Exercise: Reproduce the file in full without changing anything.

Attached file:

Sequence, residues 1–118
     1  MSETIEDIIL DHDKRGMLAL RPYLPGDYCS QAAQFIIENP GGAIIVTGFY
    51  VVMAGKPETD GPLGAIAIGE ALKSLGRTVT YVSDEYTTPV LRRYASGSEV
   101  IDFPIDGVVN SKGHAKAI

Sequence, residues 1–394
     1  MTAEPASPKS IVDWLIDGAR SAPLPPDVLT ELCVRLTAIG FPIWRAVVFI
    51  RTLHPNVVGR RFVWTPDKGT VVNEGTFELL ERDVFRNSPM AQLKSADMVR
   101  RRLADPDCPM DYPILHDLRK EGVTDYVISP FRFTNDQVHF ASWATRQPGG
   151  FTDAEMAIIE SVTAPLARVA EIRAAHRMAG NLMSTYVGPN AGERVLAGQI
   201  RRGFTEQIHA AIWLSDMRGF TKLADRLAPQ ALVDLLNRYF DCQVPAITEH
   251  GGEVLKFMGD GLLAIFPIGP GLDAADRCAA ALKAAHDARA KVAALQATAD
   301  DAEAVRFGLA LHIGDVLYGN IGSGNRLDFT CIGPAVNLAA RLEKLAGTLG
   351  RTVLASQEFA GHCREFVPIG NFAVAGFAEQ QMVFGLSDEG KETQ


Sequence, residues 1–118
     1  MSETIEDIIL DHDKRGMLAL RPYLPGDYCS QAAQFIIENP GGAIIVTGFY
    51  VVMAGKPETD GPLGAIAIGE ALKSLGRTVT YVSDEYTTPV LRRYASGSEV
   101  IDFPIDGVVN SKGHAKAI

Sequence, residues 1–394
     1  MTAEPASPKS IVDWLIDGAR SAPLPPDVLT ELCVRLTAIG FPIWRAVVFI
    51  RTLHPNVVGR RFVWTPDKGT VVNEGTFELL ERDVFRNSPM AQLKSADMVR
   101  RRLADPDCPM DYPILHDLRK EGVTDYVISP FRFTNDQVHF ASWATRQPGG
   151  FTDAEMAIIE SVTAPLARVA EIRAAHRMAG NLMSTYVGPN AGERVLAGQI
   201  RRGFTEQIHA AIWLSDMRGF TKLADRLAPQ ALVDLLNRYF DCQVPAITEH
   251  GGEVLKFMGD GLLAIFPIGP GLDAADRCAA ALKAAHDARA KVAALQATAD
   301  DAEAVRFGLA LHIGDVLYGN IGSGNRLDFT CIGPAVNLAA RLEKLAGTLG
   351  RTVLASQEFA GHCREFVPIG NFAVAGFAEQ QMVFGLSDEG KETQ